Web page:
Robotic-assisted surgery to remove the prostate reduces the risk of blood loss and an extended hospital stay in obese prostate cancer patients, a study from Loyola Medicine has discovered.
Image Credit: Phipatbig | Shutterstock.com
This research by senior author Dr. Gopal Gupta, MD, Assistant Professor in the Department of Urology of
Loyola University Chicago Stritch School of Medicine and co-workers has been reported in the Current Urology journal.
Scientists studied the records of 9,108 obese men who had undergone radical prostatectomy, which is the removal of the prostate gland and its surrounding tissue. Out of all the patients, 60.4% had undergone robotic-assisted radical prostatectomy and 39.6% had undergone open prostatectomy.
In comparison with the patients who underwent open surgery, patients who had robotic-assisted surgery were 83% less likely to need blood transfusions, and 72% less likely to need extended hospital stays. However, the research suggested that robotic-assisted surgery did not decrease the risk of infections and further complications.
The robotic system allows surgeons to operate through minute incisions. The surgeon's hand or wrist movements’ are converted into highly accurate surgical instruments movements, and every movement is controlled by the surgeon in real time, as the surgeon can view a magnified, high-definition, 3D image of the surgical site.
In the United States, prostate cancer is the most widespread solid organ cancer in men. One out of six men develop prostate cancer during the course of their life, and many would prefer to undergo radical prostatectomies. In the past decade, the application of robotic-assisted radical prostatectomy has gone beyond that of open surgery.
Over one-third of the adults are obese in the United States. Obese patients can be challenging, as many of them have related conditions, like heart disease, diabetes, and obstructive sleep apnea, which can amplify the risk of complications, blood transfusions, and prolonged duration of stay.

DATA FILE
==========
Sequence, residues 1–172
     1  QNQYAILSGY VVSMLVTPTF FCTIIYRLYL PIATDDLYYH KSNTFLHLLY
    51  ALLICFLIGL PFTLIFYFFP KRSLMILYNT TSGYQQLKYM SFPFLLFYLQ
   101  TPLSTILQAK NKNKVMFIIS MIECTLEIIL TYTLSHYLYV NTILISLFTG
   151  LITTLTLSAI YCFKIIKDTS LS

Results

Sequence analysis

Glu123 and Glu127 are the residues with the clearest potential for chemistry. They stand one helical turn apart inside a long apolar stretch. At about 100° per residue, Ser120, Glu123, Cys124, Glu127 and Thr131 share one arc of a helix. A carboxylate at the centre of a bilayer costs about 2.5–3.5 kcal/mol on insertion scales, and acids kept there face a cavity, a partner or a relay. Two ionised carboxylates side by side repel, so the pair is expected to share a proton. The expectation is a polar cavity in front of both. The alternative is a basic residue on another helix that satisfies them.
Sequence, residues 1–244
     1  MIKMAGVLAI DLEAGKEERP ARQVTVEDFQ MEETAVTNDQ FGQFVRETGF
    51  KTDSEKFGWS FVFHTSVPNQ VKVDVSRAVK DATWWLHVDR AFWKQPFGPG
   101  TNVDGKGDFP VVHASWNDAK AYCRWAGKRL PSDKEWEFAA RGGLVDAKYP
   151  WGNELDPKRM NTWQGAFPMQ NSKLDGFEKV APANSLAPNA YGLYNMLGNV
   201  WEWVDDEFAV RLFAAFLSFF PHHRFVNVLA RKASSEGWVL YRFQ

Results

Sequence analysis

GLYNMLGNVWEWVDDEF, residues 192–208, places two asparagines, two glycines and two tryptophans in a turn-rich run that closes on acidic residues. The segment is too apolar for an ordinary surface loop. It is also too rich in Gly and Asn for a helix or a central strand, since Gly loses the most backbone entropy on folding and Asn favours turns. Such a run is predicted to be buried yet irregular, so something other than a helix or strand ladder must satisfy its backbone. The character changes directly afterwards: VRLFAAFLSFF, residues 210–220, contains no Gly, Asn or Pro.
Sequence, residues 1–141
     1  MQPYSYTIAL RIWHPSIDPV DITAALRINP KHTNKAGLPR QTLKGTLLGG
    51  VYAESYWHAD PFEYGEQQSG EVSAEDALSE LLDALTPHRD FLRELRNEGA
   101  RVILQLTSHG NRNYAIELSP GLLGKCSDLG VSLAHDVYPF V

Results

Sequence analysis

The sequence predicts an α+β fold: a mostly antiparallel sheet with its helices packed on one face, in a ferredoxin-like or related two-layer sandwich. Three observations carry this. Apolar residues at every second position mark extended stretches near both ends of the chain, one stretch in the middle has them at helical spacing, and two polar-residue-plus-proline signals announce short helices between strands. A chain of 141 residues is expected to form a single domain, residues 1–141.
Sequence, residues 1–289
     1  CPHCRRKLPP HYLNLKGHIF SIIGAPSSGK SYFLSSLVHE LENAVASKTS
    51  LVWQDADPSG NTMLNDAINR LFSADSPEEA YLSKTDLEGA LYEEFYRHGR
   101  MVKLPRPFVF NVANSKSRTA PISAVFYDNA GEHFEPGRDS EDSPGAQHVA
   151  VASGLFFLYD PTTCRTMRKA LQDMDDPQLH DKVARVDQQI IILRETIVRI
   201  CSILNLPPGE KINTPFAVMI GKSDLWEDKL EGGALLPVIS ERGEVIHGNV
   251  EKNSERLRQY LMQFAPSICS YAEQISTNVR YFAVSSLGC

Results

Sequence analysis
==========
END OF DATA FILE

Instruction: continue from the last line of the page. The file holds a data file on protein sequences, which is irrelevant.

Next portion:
Scientists concluded the research results possess these implications:
The discovery that robotic-assisted surgery decreases blood transfusion and prolonged duration-of-stay in obese patients, offers an improved understanding of the robotic surgery value in challenging patients.
For urologists, the discovery that open and robotic surgeries have similar obstacle rates indicates that both of the techniques are interchangeable. The comfort level of the surgeon should suggest which surgical approach is to be used.
For prostate cancer patients who are obese, the broad results propose that both surgical approaches are practical and harmless.
In this project, scientists examined 2009-2010 Nationwide Impatient Sample records maintained by the Agency for Healthcare Research and Quality.
Co-authors of Dr. Gupta are first author Chandy Ellimoottil, MD, Robert Blackwell, MD, Adam Kadlec, MD, Kristin Greco, MD, and Marcus L. Quek, MD, all from Loyola; and Florian Roghmann, MD, Maxine Sun, MD and Quoc-Dien Trinh, MD, from the University of Montreal Health Center.
The project is titled,
"Open Versus Robotic Radical Prostatectomy in Obese Men."